Comment Re:We already have a great tool (Score 1) 127

I think it's a play on this meme. Like, I heard you like power plants (e.g. a coal firing electricity factory) so I put some powerful plants (e.g. CO2 absorbing members of kingdom Plantae) in your power plant (e.g. coal firing electricity factory) so you can power (verb) your plant (noun) while you plant (verb) plants (noun).

Comment Re:Well-regulated militia (Score 1) 682

I don't understand your logic. If slavery "used to be" constitutional, and isn't now, then doesn't that help to support an argument that the constitution is perfect just as it is? If slavery "still is" constitutional, then that would be a knock against it, but to fault something today for what it used to be doesn't make sense. It's like saying that butterflies are ugly because they are fat, have a lot of legs, and can't fly.

Comment Re:And all they wanted was a faster horse (Score 1) 731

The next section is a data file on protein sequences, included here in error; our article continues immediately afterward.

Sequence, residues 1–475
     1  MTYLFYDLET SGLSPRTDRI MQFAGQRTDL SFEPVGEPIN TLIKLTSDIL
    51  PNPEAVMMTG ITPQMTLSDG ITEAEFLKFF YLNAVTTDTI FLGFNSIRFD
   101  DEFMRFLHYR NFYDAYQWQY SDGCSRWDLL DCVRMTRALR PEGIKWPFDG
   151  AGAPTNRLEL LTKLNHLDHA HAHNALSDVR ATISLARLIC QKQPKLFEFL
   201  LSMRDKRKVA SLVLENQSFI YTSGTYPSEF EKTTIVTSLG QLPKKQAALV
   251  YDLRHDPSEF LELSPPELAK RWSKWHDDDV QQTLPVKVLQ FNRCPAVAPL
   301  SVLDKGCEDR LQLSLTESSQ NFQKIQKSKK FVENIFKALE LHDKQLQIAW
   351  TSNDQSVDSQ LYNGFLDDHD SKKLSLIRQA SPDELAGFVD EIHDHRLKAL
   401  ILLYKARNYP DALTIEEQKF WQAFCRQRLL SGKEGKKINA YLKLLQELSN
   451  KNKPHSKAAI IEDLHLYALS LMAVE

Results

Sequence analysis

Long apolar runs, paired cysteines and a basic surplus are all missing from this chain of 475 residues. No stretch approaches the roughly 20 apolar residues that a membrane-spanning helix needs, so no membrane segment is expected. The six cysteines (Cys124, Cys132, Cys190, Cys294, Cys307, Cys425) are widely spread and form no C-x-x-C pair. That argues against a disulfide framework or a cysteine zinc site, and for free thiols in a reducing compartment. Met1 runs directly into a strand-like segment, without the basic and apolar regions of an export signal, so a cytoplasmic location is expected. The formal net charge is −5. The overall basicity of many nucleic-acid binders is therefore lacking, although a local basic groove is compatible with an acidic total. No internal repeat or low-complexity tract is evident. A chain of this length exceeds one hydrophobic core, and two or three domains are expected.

If you are saying that ground installations are the greatest threat to future air operations then it logically follows that prioritizing against that threat even if it means giving short shrift to a modern jet's dogfighting capabilities is the right thing to do. And I wholeheartedly agree.

Comment Re:And all they wanted was a faster horse (Score 1) 731

War is all about telling your enemy what they can and can't do. Gunpowder said "Your suit of armor is worthless now." The rifled barrel said "Don't get so close to me." Machine guns and artillery said "I will slaughter your entire regiment if you charge my position."